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Microbes Can Help Astronauts Recycle Pee Into Plastic And Omega-3

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Astronauts could someday reap the benefits of recycling while on long space trips, as their urine could become raw materials for 3D printers, all thanks to microbes.

New research suggests that harnessing microbes is a way for humanity to bring its footprint further out into space. Mark Blenner of Clemson University in South Carolina, lead author on the study, said in a statement,

If astronauts are going to make journeys that span several years, we’ll need to find a way to reuse and recycle everything they bring with them. Atom economy will become really important.

Blenner and colleagues have been studying the yeast Yarrowia lipolytica and its recycling capabilities, reports. They found that this yeast is able to get the nitrogen it needs to thrive from urea in untreated urine. The microbes can also take carbon from carbon dioxide, which would be present in astronauts’ breath or the atmosphere on Mars.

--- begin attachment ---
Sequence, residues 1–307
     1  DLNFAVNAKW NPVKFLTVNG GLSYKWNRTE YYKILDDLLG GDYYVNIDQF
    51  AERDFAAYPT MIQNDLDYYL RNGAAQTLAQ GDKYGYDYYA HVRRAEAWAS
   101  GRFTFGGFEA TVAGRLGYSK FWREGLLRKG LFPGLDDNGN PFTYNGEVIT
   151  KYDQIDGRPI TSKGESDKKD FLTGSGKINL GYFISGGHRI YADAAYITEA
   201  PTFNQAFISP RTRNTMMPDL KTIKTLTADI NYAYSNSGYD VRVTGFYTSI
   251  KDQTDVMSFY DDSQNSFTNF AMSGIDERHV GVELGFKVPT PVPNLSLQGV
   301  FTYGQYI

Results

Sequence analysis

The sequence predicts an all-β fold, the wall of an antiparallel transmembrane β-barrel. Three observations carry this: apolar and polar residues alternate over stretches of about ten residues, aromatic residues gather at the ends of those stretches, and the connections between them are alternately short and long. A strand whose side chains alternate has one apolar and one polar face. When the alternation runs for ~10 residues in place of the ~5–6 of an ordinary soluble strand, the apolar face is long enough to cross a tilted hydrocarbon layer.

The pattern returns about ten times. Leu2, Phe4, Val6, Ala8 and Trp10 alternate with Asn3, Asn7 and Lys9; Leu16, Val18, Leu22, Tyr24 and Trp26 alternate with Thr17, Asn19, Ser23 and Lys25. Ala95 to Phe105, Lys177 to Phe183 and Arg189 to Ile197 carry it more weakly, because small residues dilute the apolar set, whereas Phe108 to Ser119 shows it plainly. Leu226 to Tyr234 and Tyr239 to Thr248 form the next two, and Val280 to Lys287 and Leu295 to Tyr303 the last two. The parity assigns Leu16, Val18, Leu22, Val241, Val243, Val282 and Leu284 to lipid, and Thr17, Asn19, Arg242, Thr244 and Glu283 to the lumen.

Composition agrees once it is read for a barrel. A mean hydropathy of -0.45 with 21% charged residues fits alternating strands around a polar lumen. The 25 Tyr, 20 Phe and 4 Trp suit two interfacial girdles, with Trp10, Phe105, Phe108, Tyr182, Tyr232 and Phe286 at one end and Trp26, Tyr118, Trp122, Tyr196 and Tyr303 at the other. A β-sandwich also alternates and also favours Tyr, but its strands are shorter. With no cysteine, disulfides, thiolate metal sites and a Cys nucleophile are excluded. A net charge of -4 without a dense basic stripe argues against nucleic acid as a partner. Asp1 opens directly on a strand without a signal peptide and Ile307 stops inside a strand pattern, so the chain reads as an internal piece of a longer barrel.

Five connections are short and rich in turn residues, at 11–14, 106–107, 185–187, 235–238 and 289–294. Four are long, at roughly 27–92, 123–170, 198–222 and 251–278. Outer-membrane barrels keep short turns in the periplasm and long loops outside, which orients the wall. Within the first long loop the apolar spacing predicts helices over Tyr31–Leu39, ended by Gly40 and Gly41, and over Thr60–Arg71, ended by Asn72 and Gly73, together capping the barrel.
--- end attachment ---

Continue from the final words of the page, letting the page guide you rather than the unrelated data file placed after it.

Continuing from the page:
One specific strain of the yeast creates omega-3 fatty acids, which help with heart and brain health. Omega-3 pills don’t last long, so yeast cells generating them while on a spacecraft would help astronauts immensely, Blenner said.

Astronauts staying at the International Space Station already drink their recycled urine.

Blenner explained, “Having a biological system that astronauts can awaken from a dormant state to start producing what they need, when they need it, is the motivation for our project.”

Another strain of Y. lipolytica has been genetically altered to produce polyester, which could serve as materials for 3D printers. There are two 3D printers onboard the ISS, and NASA officials have already pointed to this technology’s large role in eventually sending crewed missions to Mars and other places.

The researchers are already trying to see if the yeast can increase its polyester production.

The team’s findings were presented at the 254th National Meeting & Exposition of the American Chemical Society in Washington, D.C.

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